This is because, whether or not the weapons are used, the mere threat of them may give the regime a real means of coercing the United States, its allies, and partners away from joining in any potential conflict.

“This is a nuclear strategy designed to underwrite their aggressive actions,” Yeaw said.

The US is Already in an Arms Race

Mark Lewis, executive director of the emerging technologies institute at the National Defense Industrial Association, expressed concern that the CCP was overtaking the United States militarily due to a failure to be proactive on the part of the American military.

“We took our foot off the gas, and [China] saw an opportunity,” Lewis said.

“It has given them a capability that, frankly, I believe right now is startling and is increasingly concerning.”

Lewis noted that the CCP’s technological development was outpacing that of the United States. He mentioned the regime’s test of a hypersonic weapon in July that flew around the world and deployed a missile before shooting back down to earth.

He said that the achievement was not only demonstrated the regime’s engineering capabilities, but its goals for future military strategy.

“The Chinese have clearly developed a level of technical prowess that is notable,” Lewis said. “But it also shows intent.”

Lewis highlighted the words of John Hyten, then-vice chair of the Joint Chiefs of Staff, who said in November that China’s hypersonic weapon appeared to be designed for nuclear first-use, affirming the idea that the regime was moving away from a deterrence-only nuclear strategy.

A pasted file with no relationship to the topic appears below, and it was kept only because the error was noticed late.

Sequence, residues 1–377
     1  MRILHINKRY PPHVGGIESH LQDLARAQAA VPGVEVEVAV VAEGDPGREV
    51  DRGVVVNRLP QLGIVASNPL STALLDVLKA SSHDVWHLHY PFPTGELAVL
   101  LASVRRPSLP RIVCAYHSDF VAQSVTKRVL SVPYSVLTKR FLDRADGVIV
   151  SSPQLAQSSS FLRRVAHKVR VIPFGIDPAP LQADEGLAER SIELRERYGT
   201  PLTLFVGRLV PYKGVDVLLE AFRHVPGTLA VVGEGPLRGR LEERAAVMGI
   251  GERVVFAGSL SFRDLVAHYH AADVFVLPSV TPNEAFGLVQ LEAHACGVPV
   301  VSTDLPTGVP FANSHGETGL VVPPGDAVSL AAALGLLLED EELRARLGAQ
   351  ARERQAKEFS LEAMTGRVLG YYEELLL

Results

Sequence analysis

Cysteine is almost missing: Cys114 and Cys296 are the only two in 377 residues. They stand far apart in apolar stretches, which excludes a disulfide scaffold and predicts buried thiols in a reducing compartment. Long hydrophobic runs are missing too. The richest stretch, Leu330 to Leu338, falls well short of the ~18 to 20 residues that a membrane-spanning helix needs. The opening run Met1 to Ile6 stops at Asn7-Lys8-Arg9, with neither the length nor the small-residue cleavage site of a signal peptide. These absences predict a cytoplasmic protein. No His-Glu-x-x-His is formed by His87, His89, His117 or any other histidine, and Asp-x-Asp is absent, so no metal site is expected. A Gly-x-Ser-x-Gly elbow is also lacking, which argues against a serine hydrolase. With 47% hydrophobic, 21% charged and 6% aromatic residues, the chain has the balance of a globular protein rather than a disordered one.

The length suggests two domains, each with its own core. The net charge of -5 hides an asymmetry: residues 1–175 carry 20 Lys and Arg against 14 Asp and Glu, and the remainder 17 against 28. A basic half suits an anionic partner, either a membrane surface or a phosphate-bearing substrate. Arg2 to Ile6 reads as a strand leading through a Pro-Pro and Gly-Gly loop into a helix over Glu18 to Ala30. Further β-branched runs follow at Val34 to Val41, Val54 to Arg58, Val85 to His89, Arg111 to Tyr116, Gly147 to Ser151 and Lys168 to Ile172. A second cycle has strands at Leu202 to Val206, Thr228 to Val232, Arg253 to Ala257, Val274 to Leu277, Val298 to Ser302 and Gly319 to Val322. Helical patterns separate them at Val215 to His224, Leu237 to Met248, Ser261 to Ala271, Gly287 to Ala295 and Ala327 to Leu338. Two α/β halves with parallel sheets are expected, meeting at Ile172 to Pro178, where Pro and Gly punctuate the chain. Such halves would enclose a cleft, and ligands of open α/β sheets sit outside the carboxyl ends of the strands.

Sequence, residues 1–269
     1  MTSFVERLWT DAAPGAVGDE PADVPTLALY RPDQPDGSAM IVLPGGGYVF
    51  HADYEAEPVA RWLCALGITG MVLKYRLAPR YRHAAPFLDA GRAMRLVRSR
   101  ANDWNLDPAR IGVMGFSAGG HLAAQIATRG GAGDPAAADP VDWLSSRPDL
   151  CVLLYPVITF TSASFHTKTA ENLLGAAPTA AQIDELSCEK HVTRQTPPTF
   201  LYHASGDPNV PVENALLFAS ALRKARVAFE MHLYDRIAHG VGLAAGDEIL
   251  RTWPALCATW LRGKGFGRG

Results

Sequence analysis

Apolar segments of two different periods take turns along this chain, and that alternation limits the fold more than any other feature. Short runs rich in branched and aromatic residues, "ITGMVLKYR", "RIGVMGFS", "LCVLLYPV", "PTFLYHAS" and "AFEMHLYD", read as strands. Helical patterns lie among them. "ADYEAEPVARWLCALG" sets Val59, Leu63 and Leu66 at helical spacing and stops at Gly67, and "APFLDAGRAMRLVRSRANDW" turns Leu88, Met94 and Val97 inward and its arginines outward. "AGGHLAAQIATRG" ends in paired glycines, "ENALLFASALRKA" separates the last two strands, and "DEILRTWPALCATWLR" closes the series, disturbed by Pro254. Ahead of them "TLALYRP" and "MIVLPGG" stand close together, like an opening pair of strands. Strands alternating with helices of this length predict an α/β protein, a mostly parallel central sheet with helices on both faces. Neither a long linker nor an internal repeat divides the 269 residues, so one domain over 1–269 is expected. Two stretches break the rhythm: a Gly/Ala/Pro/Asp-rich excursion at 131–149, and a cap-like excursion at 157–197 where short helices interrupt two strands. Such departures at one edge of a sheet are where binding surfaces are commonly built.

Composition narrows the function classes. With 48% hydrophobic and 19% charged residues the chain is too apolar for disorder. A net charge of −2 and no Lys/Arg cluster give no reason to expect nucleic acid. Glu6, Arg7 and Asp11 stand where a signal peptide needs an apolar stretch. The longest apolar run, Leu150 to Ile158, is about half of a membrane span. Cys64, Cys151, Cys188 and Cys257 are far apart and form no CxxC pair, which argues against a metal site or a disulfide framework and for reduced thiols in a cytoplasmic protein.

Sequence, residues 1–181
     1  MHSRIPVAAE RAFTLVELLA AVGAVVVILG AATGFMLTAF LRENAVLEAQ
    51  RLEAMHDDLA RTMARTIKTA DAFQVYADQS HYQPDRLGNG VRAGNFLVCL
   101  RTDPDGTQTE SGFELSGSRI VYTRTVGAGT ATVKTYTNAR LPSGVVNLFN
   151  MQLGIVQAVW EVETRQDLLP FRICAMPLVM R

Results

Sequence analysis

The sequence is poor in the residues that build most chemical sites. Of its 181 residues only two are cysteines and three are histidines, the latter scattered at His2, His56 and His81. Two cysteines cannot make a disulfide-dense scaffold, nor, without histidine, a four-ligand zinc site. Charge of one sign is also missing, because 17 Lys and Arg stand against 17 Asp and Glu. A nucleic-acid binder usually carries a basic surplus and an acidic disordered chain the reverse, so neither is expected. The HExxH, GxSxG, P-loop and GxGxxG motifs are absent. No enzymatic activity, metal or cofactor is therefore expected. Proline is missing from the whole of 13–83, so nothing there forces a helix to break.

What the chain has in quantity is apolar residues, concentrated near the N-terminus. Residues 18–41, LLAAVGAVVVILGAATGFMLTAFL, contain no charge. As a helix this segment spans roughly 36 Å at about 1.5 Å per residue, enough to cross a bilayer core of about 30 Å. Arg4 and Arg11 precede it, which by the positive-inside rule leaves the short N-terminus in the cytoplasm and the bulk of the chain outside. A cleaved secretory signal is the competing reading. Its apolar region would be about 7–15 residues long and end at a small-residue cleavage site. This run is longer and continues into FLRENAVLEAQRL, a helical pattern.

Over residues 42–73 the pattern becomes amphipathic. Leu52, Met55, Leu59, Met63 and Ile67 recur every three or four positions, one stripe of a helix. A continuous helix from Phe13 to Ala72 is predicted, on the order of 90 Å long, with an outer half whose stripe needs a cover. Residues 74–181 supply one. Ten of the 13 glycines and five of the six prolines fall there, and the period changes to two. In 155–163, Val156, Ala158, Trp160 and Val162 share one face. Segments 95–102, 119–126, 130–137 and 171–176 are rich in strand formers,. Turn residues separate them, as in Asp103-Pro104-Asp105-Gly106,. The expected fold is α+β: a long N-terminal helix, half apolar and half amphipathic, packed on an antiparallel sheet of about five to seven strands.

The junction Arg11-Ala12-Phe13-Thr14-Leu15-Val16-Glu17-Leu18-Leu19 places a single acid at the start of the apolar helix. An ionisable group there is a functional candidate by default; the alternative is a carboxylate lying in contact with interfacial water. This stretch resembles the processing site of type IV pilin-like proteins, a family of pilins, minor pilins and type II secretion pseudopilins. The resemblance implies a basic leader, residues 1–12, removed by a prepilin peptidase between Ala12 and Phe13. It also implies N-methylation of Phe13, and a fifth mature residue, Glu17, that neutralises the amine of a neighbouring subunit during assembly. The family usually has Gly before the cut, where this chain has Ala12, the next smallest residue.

“To me, it signals that the Chinese are not only looking at capabilities that allow them to control the space in their immediate domain … they’re looking at global capabilities, and they’re using technologies to enhance that,” Lewis said.

He also said that the United States was not effectively deterring China from aggression, nor from nuclear buildup, and condemned the United States’ failure to build comparable technologies.

“We need to be looking across the board at those technologies and asking the question, frankly, what is going to scare China?” Lewis said. “If our idea of hypersonics is producing five missiles, doing a demonstration, and declaring success, that’s not going to scare anyone.”

“We need to be producing these technologies at scale,” Lewis said. “We can’t stop at ten hypersonic weapons or 100. We need to be in the thousands to actually have an impact.”

The comments reflected another interview of Hyten’s in October, wherein the general said that a “brutal” bureaucracy and risk-averse culture was consistently holding military development back.

To that end, Lewis said that American leadership needed to accept the reality that an arms race was afoot, and that the United States would lose if it did not commit to improving its ability to create and deploy new military technologies.

“I’ve had people say, ‘Oh, but we’re going to get into an arms race,’” Lewis said. “Guess what? We’re already in the race. The Chinese are running the race whether we choose to participate or not and that needs to be our mindset.”

“This is an existential threat and we need to view it in that way,” Lewis added.

Andrew Thornebrooke is a national security correspondent for The Epoch Times covering China-related issues with a focus on defense, military affairs, and national security. He holds a master's in military history from Norwich University.